The Wheat Farmer's Bread and the Baker's Crop

Photos by Franklin Furlong

by Kathleen Deason

Imagine a group of people who have not only made their own businesses profitable and livelihoods sustainable, but also know their work is helping to assure a vital community and healthy environment. Now that is success!

Wade Troutman is a fourth generation wheat farmer in northern Douglas County and a strong advocate for conservation of natural resources on agricultural lands. Jeff Weissman is owner of a Great Harvest Bread Company franchise in Seattle and passionate about baking quality bread from local, organic, and nutritious ingredients. In a successful direct marketing partnership, Wade is growing organic hard red spring wheat in Douglas County and Jeff is creating a spectacular hearty wheat bread round at his Great Harvest Bread Company in Seattle.

Wade inherited a rich legacy of conservation. His grandfather was witness to the Great Depression and the push to break out cropland in Douglas County during World War II. “My grandfather worked to build schools and churches and formed the local conservation district to protect the soil from erosion and land from overgrazing,” Wade explained.

Currently, Wade and his wife Jane own and lease over 5,000 acres in Douglas County. They raise wheat, canola, and other small grains. Wade chooses to practice conservation on his farm using minimum tillage, or direct seeding, to protect his farmland from erosion. Half of his farm is left in natural undisturbed native habitat or is enrolled in the Conservation Reserve Program (CRP) to provide habitat for a multitude of wildlife.

Four years ago, Wade experimented in converting forty acres of hard red spring wheat into organic production. This was not without challenges, he reports. “My neighbors said there was no way to reach the adequate protein without using commercial fertilizers.” Wade overcame the skepticism using chicken manure and then a yellow pea cover crop.

Jeff Weissman, who grew up in Great Falls, Montana, opened a franchise of Great Harvest Bread Company in Seattle in 1985. Great Harvest Bread Company contracts mostly with wheat farmers in Montana for dark hard northern spring wheat. However, because Great Harvest is a freedom franchise, owners can purchase products outside of the co-op, Jeff explains. “I was interested in supporting farmers in Washington State, minimizing transportation, and finding healthy organic wheat with no commercial fertilizers or chemicals.”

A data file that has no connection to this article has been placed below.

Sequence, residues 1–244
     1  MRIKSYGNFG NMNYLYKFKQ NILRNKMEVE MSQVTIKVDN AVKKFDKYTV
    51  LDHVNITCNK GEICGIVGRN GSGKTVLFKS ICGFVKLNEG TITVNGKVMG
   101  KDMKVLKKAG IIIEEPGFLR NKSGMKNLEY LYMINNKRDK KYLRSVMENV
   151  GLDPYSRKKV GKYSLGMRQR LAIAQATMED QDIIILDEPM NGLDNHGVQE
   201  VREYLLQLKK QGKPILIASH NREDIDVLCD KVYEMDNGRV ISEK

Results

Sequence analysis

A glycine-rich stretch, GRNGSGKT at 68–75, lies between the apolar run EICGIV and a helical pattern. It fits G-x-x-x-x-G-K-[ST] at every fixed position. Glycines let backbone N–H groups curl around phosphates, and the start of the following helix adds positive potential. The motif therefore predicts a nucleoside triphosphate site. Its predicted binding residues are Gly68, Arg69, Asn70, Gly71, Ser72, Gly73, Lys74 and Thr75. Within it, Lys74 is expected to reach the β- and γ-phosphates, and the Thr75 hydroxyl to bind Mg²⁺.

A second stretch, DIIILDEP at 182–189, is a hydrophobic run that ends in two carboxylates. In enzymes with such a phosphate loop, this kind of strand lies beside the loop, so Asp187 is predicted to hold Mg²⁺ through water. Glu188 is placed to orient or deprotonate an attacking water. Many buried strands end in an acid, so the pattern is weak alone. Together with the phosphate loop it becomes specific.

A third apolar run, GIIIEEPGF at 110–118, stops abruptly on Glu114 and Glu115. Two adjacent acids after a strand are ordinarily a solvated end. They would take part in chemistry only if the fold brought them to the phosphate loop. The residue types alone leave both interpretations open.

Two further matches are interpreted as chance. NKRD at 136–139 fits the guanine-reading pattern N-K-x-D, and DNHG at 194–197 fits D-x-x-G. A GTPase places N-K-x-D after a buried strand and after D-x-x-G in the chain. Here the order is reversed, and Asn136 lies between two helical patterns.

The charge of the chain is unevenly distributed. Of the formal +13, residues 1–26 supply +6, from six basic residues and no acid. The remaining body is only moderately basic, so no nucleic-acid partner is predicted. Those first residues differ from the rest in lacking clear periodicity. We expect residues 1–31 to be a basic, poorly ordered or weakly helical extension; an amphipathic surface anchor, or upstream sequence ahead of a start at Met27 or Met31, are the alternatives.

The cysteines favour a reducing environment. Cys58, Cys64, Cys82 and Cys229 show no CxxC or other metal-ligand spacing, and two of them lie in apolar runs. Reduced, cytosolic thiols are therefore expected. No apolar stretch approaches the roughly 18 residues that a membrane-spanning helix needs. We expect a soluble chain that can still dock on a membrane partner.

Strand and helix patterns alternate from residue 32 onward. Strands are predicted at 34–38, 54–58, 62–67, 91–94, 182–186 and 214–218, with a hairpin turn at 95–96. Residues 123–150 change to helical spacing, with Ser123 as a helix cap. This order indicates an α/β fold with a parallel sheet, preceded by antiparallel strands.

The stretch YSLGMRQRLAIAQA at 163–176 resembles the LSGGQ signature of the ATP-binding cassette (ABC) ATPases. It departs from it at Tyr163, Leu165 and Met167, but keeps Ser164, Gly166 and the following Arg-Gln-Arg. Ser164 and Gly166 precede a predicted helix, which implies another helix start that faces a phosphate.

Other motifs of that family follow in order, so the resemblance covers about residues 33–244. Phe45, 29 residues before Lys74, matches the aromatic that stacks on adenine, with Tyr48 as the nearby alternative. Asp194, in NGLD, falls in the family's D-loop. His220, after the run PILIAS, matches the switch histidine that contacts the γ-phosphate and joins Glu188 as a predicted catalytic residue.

Jeff’s passion is to provide delicious hearty nutrient-rich wheat bread. He has a stone ground mill to process wheat into flour at his bakery. “Our bakery mills the wheat into flour every morning at low temperatures and bakes, preserving the natural vitamins, protein, and fiber. Using the flour within a day after it is milled assures the nutritive value and that it is satisfying and filling,” says Jeff.

When Wade was looking for a buyer for his organic wheat, Jeff Voltz, former director of Farming and the Environment, put him in contact with Jeff, as one of several Seattle-area bakers who were interested in purchasing locally grown organic wheat. Wade’s first year organic wheat profit was less than the conventional wheat. However, he found other benefits. “The initial loss was well worth it to build my relationship with Jeff,” said Wade.

Wade refers to his organic wheat as “Jeff’s crop” and Jeff refers to his bread as “Wade’s wheat bread.” Jeff points customers to a smiling photo of Wade and Jane in the bakery. Not only is this relationship a positive for Wade and Jeff, daily bread is no longer a mystery. Customers can visit Wade’s farm to see the wheat being grown and watch it being milled into flour and baked into bread at the bakery.

Great Harvest Bread Company has purchased Wade’s complete crop of organic hard red spring wheat. Wade is now working to increase organic production to 125 acres to meet Jeff’s needs at his franchise.

Both Wade and Jeff agree that the success of their business depends on the health of the environment; the community, including employees and customers; and their own economic profit to keep the business sustainable. This success is evolving, according to Wade. “Now, I need to find an organic dairy that would be interested in my yellow split pea cover crop!”

You can learn more about Wade and Jane’s farm–Open Heart Ranch, at and the Lake Forest Park Great Harvest Bread Company Bakery at

See and hear a story about Wade and the sharp-tailed grouse at BirdNote